Foster comes across for the most part of the book as Captain Obvious, or rather Prof. Obvious and maybe even as Dr. Condescending, M.A., Ph.D., etc.

But no matter how frustrated with the book I was at times, Foster does have a language that reminded me constantly of all my english professors and since I have always loved my literature classes and the teachers, it was easier to swallow.

The book treats only very obvious and surface level things like ‘if he almost drown then he is symbolically reborn’ etc. He takes us through a variety of such things ‘hidden’ in literature that we should be on the lookout for to truly enjoy any reading. The only problem is that he never goes deep enough to let help a reader think analytically of what can be considered challenging literature.

But sometime obvious things are worth restating too and sometimes they help us develop a pattern of thinking that will eventually evolve by itself into what is really required. And that in the end might be the real goal of the book. In that case Foster can consider it a reasonable success.

So here is a quick list of easy things to watch out for when you read literature:

1) Every time a character in the book takes any journey/trip of any sort, start looking for tropes like gatekeepers, dragons, treasures etc. Chances are high that it is a mythic Quest of some sort.

2) If you come across a scene involving the characters eating together, especially if a whole chapter is dedicated to it, chances are that it is being used to explore their relations and it is an act of Communion with all that the word implies.

3) Vampires exist, even when they don’t. If it is not Twilight, chances are that it has literary significance. And if it does, the vampire figure is probably being used to hide a lot of sexual and societal undertones about chastity and selfishness. And even when a book has nothing to do with vampires, it would serve you well to identify vampires who suck others blood to survive.

4) Sonnet is the most used type of poetry? _ Frankly i am not sure why this chapter came in and how it helps the readers in anyway except to recognize when they meet a sonnet – they look square.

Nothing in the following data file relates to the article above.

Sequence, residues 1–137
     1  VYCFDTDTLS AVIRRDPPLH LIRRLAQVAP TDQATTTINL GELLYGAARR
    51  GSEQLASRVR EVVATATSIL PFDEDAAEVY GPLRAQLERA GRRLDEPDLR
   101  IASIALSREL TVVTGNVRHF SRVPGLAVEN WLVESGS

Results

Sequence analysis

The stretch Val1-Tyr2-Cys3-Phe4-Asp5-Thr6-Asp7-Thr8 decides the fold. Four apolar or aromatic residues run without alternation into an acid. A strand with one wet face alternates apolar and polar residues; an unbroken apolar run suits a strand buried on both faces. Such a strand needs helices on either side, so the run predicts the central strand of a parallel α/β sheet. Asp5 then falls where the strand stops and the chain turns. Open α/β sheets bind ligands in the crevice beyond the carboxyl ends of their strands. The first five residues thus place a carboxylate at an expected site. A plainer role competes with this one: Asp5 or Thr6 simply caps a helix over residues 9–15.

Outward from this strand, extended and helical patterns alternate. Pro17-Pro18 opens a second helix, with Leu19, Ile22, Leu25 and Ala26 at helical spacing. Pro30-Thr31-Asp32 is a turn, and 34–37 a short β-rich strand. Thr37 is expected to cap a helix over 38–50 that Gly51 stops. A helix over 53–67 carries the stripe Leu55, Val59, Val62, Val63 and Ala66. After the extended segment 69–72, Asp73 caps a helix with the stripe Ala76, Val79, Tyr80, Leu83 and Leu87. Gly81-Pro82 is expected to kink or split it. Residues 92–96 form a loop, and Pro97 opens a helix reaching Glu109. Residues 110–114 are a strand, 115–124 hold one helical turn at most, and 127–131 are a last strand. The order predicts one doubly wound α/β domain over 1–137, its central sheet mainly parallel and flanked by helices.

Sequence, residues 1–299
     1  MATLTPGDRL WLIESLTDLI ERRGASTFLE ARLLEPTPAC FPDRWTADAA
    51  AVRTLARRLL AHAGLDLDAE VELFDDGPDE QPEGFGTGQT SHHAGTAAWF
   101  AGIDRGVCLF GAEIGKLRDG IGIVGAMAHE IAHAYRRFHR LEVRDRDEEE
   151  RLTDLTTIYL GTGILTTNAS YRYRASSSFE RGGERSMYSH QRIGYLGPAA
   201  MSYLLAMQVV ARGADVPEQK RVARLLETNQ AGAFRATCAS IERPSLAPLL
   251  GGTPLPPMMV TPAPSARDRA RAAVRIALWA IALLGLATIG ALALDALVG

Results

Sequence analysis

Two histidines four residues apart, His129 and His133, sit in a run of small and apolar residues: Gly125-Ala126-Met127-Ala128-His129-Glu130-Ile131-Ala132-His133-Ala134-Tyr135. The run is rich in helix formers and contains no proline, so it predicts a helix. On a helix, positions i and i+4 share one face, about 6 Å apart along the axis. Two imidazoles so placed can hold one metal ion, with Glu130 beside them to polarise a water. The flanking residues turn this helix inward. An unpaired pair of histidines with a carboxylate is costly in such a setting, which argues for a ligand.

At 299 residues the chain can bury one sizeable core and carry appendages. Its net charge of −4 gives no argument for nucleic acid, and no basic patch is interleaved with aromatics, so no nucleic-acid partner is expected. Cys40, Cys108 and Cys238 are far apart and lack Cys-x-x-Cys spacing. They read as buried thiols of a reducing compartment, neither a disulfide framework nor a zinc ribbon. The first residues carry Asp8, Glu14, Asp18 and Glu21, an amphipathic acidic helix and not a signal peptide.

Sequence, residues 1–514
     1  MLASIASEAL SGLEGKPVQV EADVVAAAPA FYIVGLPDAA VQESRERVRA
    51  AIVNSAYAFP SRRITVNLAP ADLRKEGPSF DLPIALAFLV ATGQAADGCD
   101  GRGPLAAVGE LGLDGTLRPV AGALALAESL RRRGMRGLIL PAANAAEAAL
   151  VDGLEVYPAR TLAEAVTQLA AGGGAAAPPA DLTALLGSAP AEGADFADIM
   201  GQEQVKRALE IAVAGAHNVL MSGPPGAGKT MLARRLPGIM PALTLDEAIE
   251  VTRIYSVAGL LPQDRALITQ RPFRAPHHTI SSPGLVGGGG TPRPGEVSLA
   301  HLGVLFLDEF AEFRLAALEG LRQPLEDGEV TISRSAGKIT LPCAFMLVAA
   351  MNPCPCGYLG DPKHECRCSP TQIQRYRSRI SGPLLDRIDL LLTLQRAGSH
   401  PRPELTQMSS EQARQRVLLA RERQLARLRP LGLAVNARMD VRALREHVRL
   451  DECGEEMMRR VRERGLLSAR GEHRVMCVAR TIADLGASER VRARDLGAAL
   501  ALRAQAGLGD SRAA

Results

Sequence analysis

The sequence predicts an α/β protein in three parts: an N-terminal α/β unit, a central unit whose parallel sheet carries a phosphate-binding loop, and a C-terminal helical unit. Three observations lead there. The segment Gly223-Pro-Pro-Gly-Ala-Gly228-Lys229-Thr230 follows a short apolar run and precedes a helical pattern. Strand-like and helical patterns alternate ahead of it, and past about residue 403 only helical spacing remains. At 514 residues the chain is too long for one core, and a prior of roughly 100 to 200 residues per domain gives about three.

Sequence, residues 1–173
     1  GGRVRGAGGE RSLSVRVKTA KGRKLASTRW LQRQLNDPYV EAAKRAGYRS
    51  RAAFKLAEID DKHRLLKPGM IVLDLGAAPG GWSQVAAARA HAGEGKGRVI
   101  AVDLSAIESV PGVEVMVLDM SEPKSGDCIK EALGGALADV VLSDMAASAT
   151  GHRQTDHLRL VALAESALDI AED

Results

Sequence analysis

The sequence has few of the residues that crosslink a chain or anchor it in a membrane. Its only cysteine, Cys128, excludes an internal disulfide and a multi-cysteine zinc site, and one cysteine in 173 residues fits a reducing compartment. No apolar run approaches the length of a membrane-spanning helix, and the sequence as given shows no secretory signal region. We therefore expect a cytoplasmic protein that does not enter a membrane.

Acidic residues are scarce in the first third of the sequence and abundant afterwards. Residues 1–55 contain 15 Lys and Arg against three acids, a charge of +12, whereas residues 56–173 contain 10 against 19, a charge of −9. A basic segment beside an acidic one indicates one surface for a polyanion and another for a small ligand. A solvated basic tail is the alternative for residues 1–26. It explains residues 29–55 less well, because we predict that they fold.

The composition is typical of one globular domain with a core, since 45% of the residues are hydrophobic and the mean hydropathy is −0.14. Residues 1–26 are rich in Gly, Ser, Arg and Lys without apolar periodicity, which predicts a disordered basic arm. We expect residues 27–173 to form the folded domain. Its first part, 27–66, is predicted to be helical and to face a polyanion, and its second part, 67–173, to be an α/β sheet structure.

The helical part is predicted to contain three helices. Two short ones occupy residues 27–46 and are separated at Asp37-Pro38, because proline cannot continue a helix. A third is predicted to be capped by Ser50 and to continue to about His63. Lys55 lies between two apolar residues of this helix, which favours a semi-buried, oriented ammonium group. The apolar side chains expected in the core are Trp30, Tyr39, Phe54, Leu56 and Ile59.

5) You will meet historical figures like Napoleon, Caesar and Gandhi in many guises even when the situation does not seem to indicate it. If you do recognize this hidden historical aspect of the character, then the story will acquire a new dimension

6) References and quotations from Shakespeare and Bible, including situations and entire plots abound in literature. (Duh)

7) Fairy tales form an important part of literature too and you might want to have a look-out for Hansel and Gretel‘s witch anytime people get lost in unfamiliar territory.

8) Greek symbolism and myths crop up everywhere and be ready for your author being a Homer in disguise trying to tell a modern version. And most of western literature taps this well-spring

9) Weather is always symbolic and Rain, spring etc has deep rooted meaning which authors exploit consistently. If it is raining and thin look gloomy, that might be irony or they might have hear dof London (Foster doesn’t seem to have).

10) When violence is used in a text, it is probably a plot device. So start thinking about why did he have to hit him with a baseball bat and not with a table lamp and why the character had to climb that mountain to die.

11) Almost everything that is repeated can be symbolic, even events and actions. There is no way to list them out so get in the habit of being paranoid.